A Card game by Steve Zdancewic

(The name ``Thieving Stink'' came about during play-testing when Adam Florence's fiancee Annette Piepenhagen called him one after he grabbed the trump pile as his last turn twice in two games!)


Thieving Stink is a simple, trick-based card game similar to Spades or Bridge. Like them, Thieving Stink is played with partners, has a trump suit, and allows for bidding. Unlike other games, however, the trump suit may change during the course of play.


Thieving Stink uses a standard 52 card deck. As in Bridge, the suits are ordered clubs, diamonds, hearts, and spades. The cards within each suit are ordered as usual with Aces high.

Partners sit opposite each other at the table. The dealer shuffles the cards and deals each player 13 cards.

Bidding and Exchange

To determine the lead and the starting trump suit, each player selects one card from his hand and places the card face down on the table in front of him. This is the player's bid-card. When each player has decided on his or her bid, all of the bid-cards are turned face up and the player with the highest card takes the lead. The bid-cards are collected into a pile called the trump-stack. The lead player's bid card goes on top, and the pile goes in front of him to indicate that he ``has the trump''.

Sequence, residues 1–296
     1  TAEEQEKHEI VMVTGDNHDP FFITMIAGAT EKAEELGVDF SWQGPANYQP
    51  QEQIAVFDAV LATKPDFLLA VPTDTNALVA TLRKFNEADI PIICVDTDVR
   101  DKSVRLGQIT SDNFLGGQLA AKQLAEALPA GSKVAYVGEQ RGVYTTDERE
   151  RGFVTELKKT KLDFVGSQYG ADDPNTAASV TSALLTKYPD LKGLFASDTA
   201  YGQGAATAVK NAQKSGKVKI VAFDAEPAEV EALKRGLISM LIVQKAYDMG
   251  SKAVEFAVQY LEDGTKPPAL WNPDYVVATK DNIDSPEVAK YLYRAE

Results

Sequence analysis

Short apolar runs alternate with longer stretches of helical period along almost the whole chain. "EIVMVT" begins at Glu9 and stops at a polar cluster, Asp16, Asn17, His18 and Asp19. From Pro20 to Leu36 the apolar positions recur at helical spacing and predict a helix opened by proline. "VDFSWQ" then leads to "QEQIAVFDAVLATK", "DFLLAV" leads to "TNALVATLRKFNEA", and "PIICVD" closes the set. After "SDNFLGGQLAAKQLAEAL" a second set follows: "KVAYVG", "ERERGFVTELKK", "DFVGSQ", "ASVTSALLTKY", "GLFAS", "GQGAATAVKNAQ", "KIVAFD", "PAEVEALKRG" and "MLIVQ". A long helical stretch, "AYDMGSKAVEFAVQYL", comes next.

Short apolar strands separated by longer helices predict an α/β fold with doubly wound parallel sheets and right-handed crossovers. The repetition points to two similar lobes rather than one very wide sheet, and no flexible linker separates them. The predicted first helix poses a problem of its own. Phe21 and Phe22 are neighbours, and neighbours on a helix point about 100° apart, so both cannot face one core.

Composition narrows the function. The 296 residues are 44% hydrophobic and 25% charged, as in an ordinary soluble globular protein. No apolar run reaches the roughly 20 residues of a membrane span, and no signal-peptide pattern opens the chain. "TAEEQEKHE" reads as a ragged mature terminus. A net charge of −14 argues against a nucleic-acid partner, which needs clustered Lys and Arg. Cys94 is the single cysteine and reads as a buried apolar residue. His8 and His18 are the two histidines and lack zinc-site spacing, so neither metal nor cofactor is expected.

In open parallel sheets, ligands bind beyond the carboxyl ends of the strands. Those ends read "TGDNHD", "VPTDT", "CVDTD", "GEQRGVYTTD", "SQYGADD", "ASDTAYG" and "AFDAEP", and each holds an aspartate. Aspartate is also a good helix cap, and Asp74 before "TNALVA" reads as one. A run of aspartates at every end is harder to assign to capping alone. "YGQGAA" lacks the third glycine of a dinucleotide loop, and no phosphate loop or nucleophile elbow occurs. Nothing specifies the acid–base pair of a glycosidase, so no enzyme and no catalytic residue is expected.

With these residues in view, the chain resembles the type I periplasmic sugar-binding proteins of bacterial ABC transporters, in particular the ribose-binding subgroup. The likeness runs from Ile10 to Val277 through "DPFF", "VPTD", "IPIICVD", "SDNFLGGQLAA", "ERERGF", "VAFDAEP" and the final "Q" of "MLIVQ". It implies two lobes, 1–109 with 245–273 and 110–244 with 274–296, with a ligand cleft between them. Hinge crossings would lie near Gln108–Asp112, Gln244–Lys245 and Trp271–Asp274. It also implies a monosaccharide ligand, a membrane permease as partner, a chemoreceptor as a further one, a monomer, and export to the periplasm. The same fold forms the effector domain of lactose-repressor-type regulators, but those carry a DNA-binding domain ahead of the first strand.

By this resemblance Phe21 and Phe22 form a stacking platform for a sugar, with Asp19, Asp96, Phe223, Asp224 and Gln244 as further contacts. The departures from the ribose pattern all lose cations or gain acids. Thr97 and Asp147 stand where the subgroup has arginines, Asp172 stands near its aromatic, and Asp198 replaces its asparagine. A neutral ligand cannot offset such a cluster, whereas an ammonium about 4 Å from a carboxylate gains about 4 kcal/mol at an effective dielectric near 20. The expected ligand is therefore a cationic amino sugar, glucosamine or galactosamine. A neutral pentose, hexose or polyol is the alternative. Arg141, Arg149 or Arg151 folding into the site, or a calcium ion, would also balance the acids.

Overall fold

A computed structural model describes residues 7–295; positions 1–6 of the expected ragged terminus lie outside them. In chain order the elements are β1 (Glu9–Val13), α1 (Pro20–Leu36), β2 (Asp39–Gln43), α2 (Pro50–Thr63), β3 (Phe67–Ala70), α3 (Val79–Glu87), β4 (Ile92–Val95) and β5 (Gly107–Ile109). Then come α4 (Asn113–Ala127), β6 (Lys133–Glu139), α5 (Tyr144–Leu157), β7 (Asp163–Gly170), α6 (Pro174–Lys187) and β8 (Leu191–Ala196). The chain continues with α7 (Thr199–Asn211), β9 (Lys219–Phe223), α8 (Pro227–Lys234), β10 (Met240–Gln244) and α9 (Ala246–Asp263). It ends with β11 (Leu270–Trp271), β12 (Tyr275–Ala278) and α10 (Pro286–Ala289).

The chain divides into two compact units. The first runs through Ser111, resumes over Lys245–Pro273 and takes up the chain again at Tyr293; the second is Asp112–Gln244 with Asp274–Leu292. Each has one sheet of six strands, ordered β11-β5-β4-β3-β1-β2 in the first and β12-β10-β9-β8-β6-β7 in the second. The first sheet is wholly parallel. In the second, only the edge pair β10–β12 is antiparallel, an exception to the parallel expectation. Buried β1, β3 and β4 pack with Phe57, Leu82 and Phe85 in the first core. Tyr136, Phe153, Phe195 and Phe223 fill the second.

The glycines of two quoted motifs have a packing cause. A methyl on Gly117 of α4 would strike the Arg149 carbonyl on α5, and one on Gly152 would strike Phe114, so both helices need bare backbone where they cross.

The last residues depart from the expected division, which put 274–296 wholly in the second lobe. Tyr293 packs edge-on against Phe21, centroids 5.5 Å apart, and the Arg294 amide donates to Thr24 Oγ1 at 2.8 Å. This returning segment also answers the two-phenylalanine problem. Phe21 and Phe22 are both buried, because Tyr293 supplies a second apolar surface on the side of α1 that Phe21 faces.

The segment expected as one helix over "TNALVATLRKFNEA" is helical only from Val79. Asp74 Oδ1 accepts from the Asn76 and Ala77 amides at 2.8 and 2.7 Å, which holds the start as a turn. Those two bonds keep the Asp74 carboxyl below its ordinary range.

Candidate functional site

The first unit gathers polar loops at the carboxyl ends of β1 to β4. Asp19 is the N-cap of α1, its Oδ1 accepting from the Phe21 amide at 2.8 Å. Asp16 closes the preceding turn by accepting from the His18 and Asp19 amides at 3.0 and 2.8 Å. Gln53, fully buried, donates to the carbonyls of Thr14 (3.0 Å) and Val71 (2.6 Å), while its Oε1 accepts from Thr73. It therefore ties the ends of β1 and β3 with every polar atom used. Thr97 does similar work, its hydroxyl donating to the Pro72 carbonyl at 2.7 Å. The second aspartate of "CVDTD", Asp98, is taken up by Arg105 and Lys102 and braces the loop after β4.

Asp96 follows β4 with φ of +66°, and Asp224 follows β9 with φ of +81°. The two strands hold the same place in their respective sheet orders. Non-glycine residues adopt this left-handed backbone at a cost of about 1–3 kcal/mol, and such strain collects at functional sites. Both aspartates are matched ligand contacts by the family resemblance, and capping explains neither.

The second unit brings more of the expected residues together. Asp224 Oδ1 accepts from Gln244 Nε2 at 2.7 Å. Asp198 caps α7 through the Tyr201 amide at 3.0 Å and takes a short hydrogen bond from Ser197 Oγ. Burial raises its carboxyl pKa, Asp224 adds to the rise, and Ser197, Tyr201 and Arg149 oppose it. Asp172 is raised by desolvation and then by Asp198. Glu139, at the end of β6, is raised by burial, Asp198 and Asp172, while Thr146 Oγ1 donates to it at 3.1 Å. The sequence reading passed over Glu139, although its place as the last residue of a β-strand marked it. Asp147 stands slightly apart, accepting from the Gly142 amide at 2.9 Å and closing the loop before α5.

Game Play

The game consists of 12 tricks. At the beginning of each trick, the lead player has the option of leading a card or changing trump (as described below). If he leads a card, play continues to his left. Each player must follow suit if possible. If it is not possible to follow suit, the player must play trump. If the player does not have the correct suit and does not have trump, he may play any card. Whoever plays the highest card takes the trick and becomes the lead player for the next round.

The key rule that sets Thieving Stink apart from other trump based games is this: At all times during the game, the trump suit is the suit of the top card on the trump-stack. A player may opt to change the trump during his lead instead of playing a card. To do so, the player announces that he is changing trump and places a card on top of the trump-stack. He moves the trump-stack in front of him to indicate that he possesses the trump. Play for that trick then continues as usual to the left. The card placed on the trump-stack is not counted as part of the trick. Thus the trick for that round consists of just three cards and the person to the lead's left effectively gains control of the game. (He does not, however, have the option to change the trump this trick.)

The card placed on top of the trump-stack must be of higher value than the one currently on top of the trump stack, except that a 2 of any suit beats any other card. Thus if the top of the trump-stack were diamond-9, the lead could change it to heart-9 or higher, but not club-9 or lower (except 2's). Similarly, if the top of the trump-stack were club-A, any other Ace or any 2 would be a valid change of trump.


Points are totaled at the end of play. Each face card (J, Q, K or A) taken during a trick is worth 10 points to the team who collected it. The team in control of trump at the end of the game also receives 5 points for each card (no matter what its rank) in the trump-stack.

The game is played until a score of 500 or more points is reached by some team. If both teams pass 500 points in the same hand, the team with the highest score wins.